Chantecler eBook

This eBook from the Gutenberg Project consists of approximately 104 pages of information about Chantecler.

PATOU [Ready to spring from his wheelbarrow.] If he uses those, I’ll strangle him, that’s all!

THE CROWD
Oh!

PATOU
I will!  Howl you never so loud!

THE WHITE PILE
[Feeling himself lost.] No help for it!

THE PHEASANT-HEN
[Closely watching him.] He is getting one of his razors ready!

THE WHITE PILE [Striking with his sharp spur.] Take that!  Die! [He utters a terrible cry, while CHANTECLER, avoiding the blow, springs aside.] Ah! [He drops to the ground.  Cry of amazement.]

SEVERAL VOICES
What is it?

THE BLACKBIRD
[Who has hopped up to the fallen COCK and examined him.] Nothing! 
Merely he has dexterously slashed his left claw with his right!

THE CROWD [Following and hooting the WHITE PILE, who, having picked himself up, limps off.] Hoo!  Hoo!

PATOU and the PHEASANT-HEN [Laughing and weeping and talking, all in one, beside CHANTECLER, who stands motionless, utterly spent, with closed eyes.] Chantecler!  It is we!  The Pheasant-hen!  The Dog!  Speak to us, speak!

CHANTECLER [Opening his eyes, looks at them and says gently.] The day will rise to-morrow!

SCENE SIXTH

THE SAME, except the WHITE PILE

THE CROWD [After seeing the WHITE PILE off, return tumultuously to CHANTECLER, hailing him with acclamations.] Hurrah!

CHANTECLER [Drawing away from them, in a terrible voice.] Stand back!  I know your worth! [The crowd hastily draws back.]

THE PHEASANT-HEN [Close by his side.] Come away to the woods, where true-hearted animals live!

CHANTECLER
No, I will stay here.

THE PHEASANT-HEN
After finding them out?

CHANTECLER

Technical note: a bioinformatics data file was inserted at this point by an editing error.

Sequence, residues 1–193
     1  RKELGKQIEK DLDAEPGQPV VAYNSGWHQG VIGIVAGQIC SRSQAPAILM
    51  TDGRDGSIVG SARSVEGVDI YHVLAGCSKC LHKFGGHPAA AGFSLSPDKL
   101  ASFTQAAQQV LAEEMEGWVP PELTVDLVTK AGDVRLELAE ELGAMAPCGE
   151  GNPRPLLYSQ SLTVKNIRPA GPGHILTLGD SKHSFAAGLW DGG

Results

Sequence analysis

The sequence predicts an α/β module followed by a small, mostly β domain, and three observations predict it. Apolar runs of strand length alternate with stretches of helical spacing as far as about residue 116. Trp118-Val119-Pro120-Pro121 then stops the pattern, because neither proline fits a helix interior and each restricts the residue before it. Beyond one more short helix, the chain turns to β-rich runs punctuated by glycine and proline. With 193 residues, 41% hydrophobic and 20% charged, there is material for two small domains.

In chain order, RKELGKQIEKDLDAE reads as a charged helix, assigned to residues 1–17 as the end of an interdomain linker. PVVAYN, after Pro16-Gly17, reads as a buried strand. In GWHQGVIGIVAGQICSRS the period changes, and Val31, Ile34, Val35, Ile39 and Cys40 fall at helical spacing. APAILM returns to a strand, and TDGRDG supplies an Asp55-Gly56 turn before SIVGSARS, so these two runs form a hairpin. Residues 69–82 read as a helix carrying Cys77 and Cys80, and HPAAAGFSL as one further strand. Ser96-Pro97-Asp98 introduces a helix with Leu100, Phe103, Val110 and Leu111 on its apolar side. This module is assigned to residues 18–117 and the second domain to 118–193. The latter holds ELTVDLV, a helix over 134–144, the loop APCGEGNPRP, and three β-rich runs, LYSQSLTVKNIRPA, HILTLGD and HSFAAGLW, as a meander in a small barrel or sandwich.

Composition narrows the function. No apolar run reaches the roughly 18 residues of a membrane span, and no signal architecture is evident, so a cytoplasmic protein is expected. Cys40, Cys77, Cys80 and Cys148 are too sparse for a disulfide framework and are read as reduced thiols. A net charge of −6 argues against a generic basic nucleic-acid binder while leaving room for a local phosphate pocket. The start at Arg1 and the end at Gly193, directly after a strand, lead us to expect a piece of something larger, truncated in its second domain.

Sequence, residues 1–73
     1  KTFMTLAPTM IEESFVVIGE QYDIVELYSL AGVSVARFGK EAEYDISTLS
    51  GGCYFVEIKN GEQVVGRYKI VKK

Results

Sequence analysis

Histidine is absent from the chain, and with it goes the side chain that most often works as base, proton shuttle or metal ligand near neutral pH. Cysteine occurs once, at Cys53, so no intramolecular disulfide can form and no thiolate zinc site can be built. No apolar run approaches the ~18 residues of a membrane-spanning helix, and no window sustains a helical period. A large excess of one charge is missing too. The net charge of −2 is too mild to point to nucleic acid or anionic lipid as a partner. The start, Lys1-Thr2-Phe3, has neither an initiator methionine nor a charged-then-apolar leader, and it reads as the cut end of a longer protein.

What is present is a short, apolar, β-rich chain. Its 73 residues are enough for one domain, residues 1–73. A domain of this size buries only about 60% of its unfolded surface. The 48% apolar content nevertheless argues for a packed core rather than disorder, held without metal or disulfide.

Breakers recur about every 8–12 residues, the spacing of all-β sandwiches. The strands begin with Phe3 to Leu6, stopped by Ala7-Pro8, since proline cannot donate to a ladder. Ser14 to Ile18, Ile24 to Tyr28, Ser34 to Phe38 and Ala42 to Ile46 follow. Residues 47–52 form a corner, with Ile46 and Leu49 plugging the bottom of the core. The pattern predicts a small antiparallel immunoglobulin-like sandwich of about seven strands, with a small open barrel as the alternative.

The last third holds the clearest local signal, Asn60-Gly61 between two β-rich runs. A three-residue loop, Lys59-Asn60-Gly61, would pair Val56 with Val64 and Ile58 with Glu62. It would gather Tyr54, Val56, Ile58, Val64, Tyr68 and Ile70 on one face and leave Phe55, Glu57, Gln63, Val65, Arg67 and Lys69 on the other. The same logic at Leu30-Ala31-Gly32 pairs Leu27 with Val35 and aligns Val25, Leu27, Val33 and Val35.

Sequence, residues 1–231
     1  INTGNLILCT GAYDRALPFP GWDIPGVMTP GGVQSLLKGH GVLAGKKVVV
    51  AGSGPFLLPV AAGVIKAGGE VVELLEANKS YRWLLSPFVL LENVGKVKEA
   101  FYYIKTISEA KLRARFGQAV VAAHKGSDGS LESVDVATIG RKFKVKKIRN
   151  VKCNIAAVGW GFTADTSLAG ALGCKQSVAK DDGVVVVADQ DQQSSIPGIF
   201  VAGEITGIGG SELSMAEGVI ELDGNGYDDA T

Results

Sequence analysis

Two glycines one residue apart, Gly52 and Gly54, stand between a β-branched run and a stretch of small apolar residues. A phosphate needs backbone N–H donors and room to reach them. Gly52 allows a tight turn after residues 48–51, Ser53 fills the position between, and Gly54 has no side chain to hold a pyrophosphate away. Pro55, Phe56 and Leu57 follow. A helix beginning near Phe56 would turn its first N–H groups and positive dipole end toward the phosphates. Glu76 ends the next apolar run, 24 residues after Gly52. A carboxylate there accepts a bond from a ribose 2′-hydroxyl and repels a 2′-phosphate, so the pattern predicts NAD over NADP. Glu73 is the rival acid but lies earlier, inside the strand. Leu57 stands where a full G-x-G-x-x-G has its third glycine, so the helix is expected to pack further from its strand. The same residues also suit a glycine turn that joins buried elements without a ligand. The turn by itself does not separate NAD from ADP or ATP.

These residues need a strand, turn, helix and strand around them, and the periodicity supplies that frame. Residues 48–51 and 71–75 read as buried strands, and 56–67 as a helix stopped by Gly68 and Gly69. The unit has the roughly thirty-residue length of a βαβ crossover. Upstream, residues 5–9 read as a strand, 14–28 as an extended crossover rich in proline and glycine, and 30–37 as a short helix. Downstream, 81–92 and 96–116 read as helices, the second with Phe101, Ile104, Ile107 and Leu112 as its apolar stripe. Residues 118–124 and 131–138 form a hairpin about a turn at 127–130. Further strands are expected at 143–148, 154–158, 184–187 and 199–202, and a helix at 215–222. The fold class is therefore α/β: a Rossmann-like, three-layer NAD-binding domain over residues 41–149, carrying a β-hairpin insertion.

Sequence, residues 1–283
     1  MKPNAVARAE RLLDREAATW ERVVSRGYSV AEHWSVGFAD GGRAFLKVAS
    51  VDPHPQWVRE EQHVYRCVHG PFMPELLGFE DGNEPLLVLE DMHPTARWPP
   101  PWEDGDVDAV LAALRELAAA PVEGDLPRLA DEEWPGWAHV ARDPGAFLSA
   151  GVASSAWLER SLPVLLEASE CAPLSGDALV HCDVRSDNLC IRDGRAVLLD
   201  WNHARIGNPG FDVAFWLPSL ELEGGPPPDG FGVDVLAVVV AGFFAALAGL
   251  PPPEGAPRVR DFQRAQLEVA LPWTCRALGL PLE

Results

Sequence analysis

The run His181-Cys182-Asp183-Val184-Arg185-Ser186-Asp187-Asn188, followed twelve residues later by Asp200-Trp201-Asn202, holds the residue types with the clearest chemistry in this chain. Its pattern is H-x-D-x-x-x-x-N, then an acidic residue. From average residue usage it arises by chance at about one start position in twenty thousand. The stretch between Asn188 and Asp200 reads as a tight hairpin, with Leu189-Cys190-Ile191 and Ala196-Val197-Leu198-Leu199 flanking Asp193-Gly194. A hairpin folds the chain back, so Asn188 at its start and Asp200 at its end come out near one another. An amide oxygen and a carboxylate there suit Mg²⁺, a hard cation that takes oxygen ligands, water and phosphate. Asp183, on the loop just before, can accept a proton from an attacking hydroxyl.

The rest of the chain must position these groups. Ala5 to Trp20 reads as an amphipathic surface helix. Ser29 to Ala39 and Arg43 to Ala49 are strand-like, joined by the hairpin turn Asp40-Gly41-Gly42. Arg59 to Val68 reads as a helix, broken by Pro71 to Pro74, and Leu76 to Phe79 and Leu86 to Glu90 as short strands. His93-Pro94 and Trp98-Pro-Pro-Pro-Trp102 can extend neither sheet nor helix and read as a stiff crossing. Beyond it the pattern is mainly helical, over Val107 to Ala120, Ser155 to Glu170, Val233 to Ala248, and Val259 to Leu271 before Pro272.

After finding them out.

THE PHEASANT-HEN
You will stay here?

CHANTECLER Not for their sakes, but the sake of my song.  It might spring forth less clear from any other soil!  But now, to inform the Day that it is sure to be called tomorrow I will sing! [Obsequious movement of the crowd, attempting to approach.] Back!  All of you!  I have nothing left but my song! [ALL draw away, and alone in his pride, he begins.] Co—­[To himself, stiffening himself against pain.] Nothing left but my song, therefore let us sing well! [He tries again.] Co—­Now, I wonder, shall I take it as a chest-note, or—­Co—­a head-note?  Shall I count one-three, or—­Co—­And the accent?  Since they filled my head with all that sort of thing, I—­Coocooroo—­Keekee-ree—­And the theory?  The dynamic theory?  Cock-a—­I am all tangled up in schools and rules and rubbish!  If he reduced his flight to a theory, what eagle would ever soar?  Co—­[Trying again, and ending in a raucous, abortive crow.] Co—­I cannot sing any more, I, whose method was not to know how, but be quite certain why! [In a cry, of despair.] I have nothing left!  They have taken everything from me, my song and everything else.  How shall I get it back?

Copyrights
Project Gutenberg
Chantecler from Project Gutenberg. Public domain.
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